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Come to the Table #4

Come to the Table  •  Sermon  •  Submitted
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(NIV) — 9 Offer hospitality to one another without grumbling.
(NIV) — 13 Share with the Lord’s people who are in need. Practice hospitality.
Meaning of ‘hospitality’, specifically in regard to welcoming ministries.
There are two general terms used in the NT that are the translation of several different Greek works that carry the same sense.
The specific word ‘hospitality’ is the Gk philoxenia. It’s a compound word from love and stranger — to love the stranger. Both the Old and New Testaments taught to be considerate and welcoming of strangers (non-Jews or outsiders). There were boundaries attached to that which we will discuss later.
We are urged to ‘practice’ lit. pursue hospitality — to look for opportunities to host people in our homes.
The other group of words that carry the sense of hospitality is most often translated as ‘receive’ or ‘welcome’.
(NIV) — 38 As Jesus and his disciples were on their way, he came to a village where a woman named Martha opened her home to him.
(NIV) — 6 But when they did not find them, they dragged Jason and some other believers before the city officials, shouting: “These men who have caused trouble all over the world have now come here, 7 and Jason has welcomed them into his house. They are all defying Caesar’s decrees, saying that there is another king, one called Jesus.”
(NIV) — 10 So when I come, I will call attention to what he is doing, spreading malicious nonsense about us. Not satisfied with that, he even refuses to welcome other believers. He also stops those who want to do so and puts them out of the church.
Openness of home was somewhat equivalent to openness of heart. Hospitality in Biblical times was of high importance.
We are urged to ‘practice’ lit. pursue hospitality — to look for opportunities to host people in our homes.
Showing hospitality was especially important for travelling ministries. People were urged to welcome guest ministries into their homes for food and lodging.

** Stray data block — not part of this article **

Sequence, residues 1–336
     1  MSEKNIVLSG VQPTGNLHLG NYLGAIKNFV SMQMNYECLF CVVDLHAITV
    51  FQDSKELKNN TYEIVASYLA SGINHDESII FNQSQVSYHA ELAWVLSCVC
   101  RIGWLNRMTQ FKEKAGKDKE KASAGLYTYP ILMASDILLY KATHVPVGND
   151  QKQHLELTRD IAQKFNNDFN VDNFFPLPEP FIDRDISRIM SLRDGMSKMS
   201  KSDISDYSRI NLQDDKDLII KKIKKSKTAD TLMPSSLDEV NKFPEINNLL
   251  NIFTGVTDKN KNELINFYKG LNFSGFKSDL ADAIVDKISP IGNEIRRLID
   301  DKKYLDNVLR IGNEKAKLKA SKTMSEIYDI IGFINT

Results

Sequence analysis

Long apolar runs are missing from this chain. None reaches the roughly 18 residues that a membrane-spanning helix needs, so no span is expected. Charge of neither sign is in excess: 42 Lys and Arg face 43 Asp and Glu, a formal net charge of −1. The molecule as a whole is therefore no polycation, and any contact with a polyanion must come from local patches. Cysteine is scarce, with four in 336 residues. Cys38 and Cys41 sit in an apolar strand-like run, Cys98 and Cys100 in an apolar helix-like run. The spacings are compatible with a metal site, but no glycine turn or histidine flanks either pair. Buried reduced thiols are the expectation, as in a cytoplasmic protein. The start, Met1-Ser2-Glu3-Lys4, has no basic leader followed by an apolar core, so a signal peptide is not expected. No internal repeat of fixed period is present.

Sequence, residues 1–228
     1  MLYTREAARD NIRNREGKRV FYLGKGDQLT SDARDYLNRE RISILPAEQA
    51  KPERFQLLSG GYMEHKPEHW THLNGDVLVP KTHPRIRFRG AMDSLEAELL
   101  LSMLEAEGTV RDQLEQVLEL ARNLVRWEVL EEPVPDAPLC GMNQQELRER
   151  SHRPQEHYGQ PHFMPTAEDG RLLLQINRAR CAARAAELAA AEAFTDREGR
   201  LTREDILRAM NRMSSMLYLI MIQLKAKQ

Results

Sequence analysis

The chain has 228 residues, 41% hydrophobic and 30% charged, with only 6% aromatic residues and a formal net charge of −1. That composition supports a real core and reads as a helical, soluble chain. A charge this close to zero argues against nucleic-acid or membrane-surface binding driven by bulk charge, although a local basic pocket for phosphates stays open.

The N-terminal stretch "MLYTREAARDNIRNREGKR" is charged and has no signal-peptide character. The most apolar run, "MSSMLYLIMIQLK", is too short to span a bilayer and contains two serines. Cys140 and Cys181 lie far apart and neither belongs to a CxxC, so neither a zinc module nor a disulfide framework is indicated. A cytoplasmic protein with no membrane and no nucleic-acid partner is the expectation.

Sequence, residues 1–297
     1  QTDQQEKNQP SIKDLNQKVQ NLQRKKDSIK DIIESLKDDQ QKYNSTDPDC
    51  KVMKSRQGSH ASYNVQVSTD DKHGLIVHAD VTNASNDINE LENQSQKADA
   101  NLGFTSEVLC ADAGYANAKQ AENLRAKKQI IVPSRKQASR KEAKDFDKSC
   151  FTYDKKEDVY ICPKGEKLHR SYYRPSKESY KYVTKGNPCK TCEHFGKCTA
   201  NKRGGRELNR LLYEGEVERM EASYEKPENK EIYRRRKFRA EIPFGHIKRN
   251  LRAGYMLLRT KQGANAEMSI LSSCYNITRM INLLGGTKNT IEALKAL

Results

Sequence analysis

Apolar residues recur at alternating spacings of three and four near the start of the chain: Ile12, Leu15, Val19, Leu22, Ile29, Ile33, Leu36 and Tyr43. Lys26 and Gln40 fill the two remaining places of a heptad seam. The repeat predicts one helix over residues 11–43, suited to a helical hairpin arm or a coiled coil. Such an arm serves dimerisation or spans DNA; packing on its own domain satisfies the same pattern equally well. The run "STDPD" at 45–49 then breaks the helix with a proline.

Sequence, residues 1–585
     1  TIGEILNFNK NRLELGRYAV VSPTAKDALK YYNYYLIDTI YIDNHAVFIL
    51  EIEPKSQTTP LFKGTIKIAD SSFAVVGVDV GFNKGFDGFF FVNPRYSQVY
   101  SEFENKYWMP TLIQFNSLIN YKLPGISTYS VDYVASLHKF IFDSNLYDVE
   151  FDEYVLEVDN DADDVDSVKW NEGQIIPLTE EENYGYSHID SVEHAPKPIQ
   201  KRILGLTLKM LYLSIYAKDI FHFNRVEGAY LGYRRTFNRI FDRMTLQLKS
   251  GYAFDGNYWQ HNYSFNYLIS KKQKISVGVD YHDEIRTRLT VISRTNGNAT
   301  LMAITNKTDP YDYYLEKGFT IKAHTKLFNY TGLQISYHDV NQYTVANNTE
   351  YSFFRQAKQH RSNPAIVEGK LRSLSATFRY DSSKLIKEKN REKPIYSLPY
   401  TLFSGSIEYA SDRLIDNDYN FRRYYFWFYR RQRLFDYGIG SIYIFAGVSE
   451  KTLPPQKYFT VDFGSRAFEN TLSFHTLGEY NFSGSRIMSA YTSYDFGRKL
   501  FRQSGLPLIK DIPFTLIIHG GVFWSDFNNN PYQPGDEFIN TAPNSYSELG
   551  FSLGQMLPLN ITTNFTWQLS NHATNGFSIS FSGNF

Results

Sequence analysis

Did you know that there is a difference between hospitality and entertaining? I lived for years thinking that the two were the same exact thing. Fast forward several years, severgal books and Bible studies on hospitality, and I came to the conclusion that there is, in fact, a big difference between the two. I looked the two words up in thefreedictionary.com: Entertain: To hold the attention of with something amusing or diverting. Hospitality: Cordial and generous reception of or disposition toward guests. Looking at these two definitions, I feel stressed and overwhelmed at the thought of entertaining. I am naturally introverted (although time and age has brought me out of my shell, and one probably wouldn't even know that I am a natural introvert.) The thought of having to hold the attention of something for an extended period of time is totally overwhelming to me. When I think about having to do that, I feel pressured and anxious. What if I can't think of something to say? What if I'm not amusing enough? What if my guests are bored with me? Etc., etc. However, when I read the definition of hospitality, I do know that I am indeed able to show a cordial reception of guests. I am able to show an interest in my guests and their lives. I feel the pressure slide off. Here's the big difference between the two: entertaining is very me-centered and hospitality is guest-centered. Here is a portrait of entertaining: What can I do that will totally knock the socks off of my guests? How beautiful can I make the table settings? What delicious gourmet dishes can I serve that will totally "wow" my guests? What outfit am I going to wear that will make me look gorgeous and put-together? When I entertain, I obsess over what my guests will think of me. I get cranky because a pillow is out of place or there are water droplets on the bathroom vanity. If something goes wrong, it sends me over the top. Entertaining is about impressing. Entertaining gives the glory to the hostess. The hostess' intentions are to totally impress her guests with her amazing culinary abilities. She wants to put forth the notion that she is pretty close to perfect and so is her home. I've been there way too many times. Anyone else? However, as you may be able to see by now, this is fake and superficial. How can you be real with your guests if you can't even let your guard down for them to see your imperfections or weaknesses? If you're so worried about what your guests are thinking about you and your abilities, how can you even begin to truly focus on them and their comfort? You might think that you are, but as long as your attention is focused on yourself, there is little mental energy left to really devote to your guests. Now, Biblical hospitality: I'm in the midst of a pretty typical day. The kids' toys are scattered throughout the house. The kitchen counter is cluttered and there are way too many dirty dishes littering the sink and countertop. Maybe I didn't even have a shower that morning. Then the doorbell rings. It's a neighbor or a friend. Oh no. If I invite them in, they'll know that I don't always have it together like I want everyone to think. What to do? Is the bathroom clean? Oh, I hope that one of the boys didn't miss the toilet! Well, if I practice Biblical hospitality, I invite them in, unshowered body, cluttered house, and all. And I serve them lunch even if it means turkey sandwiches on paper plates because I haven't had the chance to run the dishwasher yet. And I don't apologize for the toys or the dirty dishes (I know that's a hard one) because that puts my guests on the spot and probably makes them feel just a bit uncomfortable. But instead, I invite them into my real, imperfect life and treat them like a friend. That looks a lot different, doesn't it? Hospitality is not at all about "me." It's completely about others. It's about opening myself up and being real with others. It's about taking the time to love others with my time and resources (even if they're limited) even if I haven't had hours or days to clean and prep. Biblical hospitality is not about cooking out-of-this-world dishes, setting a beautiful tablescape, or having a perfectly in-place home. You don't even have to be a good cook to practice Biblical hospitality! Biblical hospitality is about focusing totally on our guests and their needs. It's about being okay with leaving the dishes go until later so that we can linger longer at the dinner table and talk with our guests. When I finally realized what God expected of me as far as having other people into my home, it was really rather freeing. I didn't have to make everything perfect. I just needed to make things nice and comfortable. And I just needed to stop being so uptight, let go of my obsession of what others thought of me, and show Christ's love to my guests by opening my imperfect home and family up to them. If we live in the "entertaining" state of mind, we'll eventually become burnt-out. Entertaining puts a lot of pressure and high expectations on us since it's all about how we can impress our guests. Living in the "hospitality" state of mind permits us to take it easy. Sure it's fun to set a nice table and it's certainly okay to pay attention to the details and make things special. But these things are not the most important things, and they should be done to make our guests feel special and cared for. I've been the "have guests to impress" gal. And I'm glad I don't have to go there anymore. And, trust me, you're not going to offend your guests with your relaxed approach (and if you do, then they're in the wrong, not you), but, rather, I think you'll make them comfortable knowing that you're not perfect either. Think of it this way: If you're always going over the top when you have guests over and everything is always as close to perfect as possible, don't you think your guests are going to feel intimidated with the thought of having you to their home, feeling that it would be pretty hard to live up to your performance? I've been there. Now, for those of us who enjoy adding special touches and details to our meals and such, that's okay too. I'm one of those gals. But our intention in doing this should be in making our guests feel important and special, not making ourselves look good. I have a wonderful friend who is a natural at adding details to her meals that always make me feel special and at-home at her home. That's great. That's okay. And I actually plan on sharing some of the things I do to add a special touch. However, it's important to remember that these are not necessary to practice hospitality and should never come before simply welcoming our guests and showing love to them. Blessings to you all! You're truly a blessing to me, and I pray that you always feel welcome here!